The outcome of the Dominic Raab bullying probe has quite rightly been big news in the UK over the past week. Much has been written about the rights and wrongs of the outcome, with some feeling that Raab has been the victim of activist left-wing ‘snowflake’ civil servants intent on undermining the Tories’ ability to govern, whilst others see Raab as the tip of the toxic Tory party iceberg.
The full report provides some fascinating insights into the leadership style of someone who operates at the heart of government and whose performance as a leader has the potential to impact the lives of people across the UK. The key question addressed by Adam Tolley KC in his report is whether Raab’s behaviour amounted to bullying and he reached the conclusion that, in some instances, it did. In short, he found that some of Raab’s behaviour was abrasive, difficult and aggressive and caused others to feel intimidated and insulted.
But what does this report say about Raab’s abilities as a leader of people? How does he measure up against essential leadership qualities such as: self-awareness; empathy; great communication skills; a curious mindset and flexibility in their thinking and approach; and the ability to motivate, empower and get the best out of the people you are leading?
Well, it’s clear from Tolley’s report that he falls short on all of them. The report suggests that empathy isn’t his strong point and he has little awareness of, or interest in, the impact his behaviour is having on others; he is inflexible and adopts a one size fits all approach; his communication style can be intimidating to others; he has fixed views and opinions, isn’t a good listener and is quick to dismiss views that don’t align with his; and he is easily frustrated and is prone to unconstructive, undermining and demotivating criticism.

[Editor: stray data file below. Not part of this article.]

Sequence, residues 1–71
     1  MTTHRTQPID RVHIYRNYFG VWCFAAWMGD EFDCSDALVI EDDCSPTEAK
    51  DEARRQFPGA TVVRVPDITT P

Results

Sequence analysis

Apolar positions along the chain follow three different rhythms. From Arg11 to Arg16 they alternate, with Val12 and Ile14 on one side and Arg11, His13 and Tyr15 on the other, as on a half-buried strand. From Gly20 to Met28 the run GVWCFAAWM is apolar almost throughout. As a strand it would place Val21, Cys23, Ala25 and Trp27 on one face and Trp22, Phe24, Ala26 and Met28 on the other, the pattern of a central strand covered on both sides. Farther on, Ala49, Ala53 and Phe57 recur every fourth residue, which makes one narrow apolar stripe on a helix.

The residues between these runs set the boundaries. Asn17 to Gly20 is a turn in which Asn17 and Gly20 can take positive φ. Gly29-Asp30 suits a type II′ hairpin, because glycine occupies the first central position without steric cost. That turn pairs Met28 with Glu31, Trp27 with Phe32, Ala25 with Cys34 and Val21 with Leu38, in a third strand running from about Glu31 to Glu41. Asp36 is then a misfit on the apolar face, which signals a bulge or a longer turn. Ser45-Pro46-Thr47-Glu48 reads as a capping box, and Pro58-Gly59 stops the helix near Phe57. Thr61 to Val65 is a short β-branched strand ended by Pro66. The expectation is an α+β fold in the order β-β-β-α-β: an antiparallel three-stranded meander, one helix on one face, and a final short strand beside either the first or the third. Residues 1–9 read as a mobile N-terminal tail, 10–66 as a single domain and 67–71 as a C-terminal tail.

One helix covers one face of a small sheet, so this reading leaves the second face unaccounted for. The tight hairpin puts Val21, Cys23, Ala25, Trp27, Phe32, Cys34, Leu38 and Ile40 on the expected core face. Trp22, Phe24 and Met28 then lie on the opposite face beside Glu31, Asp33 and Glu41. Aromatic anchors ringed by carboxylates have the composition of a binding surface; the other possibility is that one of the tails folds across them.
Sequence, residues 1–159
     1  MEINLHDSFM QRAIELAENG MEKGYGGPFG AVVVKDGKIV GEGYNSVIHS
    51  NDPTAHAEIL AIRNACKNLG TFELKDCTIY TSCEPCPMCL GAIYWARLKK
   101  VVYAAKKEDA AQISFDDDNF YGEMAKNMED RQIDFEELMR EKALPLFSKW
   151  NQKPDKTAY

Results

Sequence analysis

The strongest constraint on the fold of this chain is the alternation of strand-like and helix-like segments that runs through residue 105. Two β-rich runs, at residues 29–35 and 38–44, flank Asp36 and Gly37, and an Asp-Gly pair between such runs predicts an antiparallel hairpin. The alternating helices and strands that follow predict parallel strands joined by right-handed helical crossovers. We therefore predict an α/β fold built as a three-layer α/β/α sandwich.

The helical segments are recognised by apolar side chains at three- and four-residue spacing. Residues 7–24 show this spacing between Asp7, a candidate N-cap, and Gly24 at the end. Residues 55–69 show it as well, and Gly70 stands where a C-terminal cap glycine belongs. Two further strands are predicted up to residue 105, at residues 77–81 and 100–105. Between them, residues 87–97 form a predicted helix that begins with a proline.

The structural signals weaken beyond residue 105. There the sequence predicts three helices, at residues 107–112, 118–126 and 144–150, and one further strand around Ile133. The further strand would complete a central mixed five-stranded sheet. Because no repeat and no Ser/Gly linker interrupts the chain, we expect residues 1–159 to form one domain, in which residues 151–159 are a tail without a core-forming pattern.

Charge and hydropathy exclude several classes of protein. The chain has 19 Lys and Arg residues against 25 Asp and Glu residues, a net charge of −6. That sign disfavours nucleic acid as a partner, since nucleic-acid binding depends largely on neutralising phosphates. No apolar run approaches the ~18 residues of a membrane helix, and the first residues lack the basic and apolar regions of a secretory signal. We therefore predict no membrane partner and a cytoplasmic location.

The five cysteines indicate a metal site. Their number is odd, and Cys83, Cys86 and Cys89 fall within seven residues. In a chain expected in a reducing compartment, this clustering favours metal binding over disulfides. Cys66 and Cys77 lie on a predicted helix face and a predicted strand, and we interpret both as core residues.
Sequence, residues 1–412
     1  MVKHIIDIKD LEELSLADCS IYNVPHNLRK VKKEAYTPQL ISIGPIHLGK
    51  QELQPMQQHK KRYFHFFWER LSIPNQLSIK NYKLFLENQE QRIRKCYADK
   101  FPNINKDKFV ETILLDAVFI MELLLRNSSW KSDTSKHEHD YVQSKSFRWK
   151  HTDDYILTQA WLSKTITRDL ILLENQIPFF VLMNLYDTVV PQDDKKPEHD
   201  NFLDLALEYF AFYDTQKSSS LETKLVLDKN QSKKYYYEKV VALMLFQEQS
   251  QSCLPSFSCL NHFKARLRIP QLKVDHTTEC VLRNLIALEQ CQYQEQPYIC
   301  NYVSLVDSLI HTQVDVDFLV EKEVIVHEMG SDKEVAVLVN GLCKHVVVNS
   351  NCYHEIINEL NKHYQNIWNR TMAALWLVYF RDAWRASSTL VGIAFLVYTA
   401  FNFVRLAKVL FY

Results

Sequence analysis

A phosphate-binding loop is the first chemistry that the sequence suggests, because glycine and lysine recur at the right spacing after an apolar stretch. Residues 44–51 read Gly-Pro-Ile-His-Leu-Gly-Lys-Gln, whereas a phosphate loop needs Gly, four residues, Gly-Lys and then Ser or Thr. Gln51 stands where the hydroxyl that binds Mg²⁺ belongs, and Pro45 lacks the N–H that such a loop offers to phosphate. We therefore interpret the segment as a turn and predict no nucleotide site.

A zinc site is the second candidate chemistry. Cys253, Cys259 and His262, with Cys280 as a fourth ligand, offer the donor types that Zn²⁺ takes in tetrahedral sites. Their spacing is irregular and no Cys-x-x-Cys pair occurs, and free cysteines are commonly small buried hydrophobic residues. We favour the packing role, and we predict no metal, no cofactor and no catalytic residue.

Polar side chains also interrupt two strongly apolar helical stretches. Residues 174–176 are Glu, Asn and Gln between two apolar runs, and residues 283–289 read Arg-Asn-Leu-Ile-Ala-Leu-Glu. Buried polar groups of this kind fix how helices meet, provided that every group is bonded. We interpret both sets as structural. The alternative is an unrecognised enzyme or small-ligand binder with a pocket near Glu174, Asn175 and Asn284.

These traits might (arguably) make a good politician, but they don’t make a good leader of people, and that for me is the crux of this whole saga. Raab has been found to have bullied people on occasions and has chosen to resign, but I think the bigger question that this report raises about his future political career is whether his apparent lack of ability as a leader of people renders him unfit for a ministerial post in the future.
In our work at ibex gale we frequently come across people who are promoted into leadership roles on the basis of their technical abilities despite being poor leaders of people, and often they end up in situations just like Dominic Raab. This case should act as a reminder to all organisations to ensure that their ‘leaders’ are not leaders in name only. After all, a ‘leader’ is only truly a leader if people want to follow them.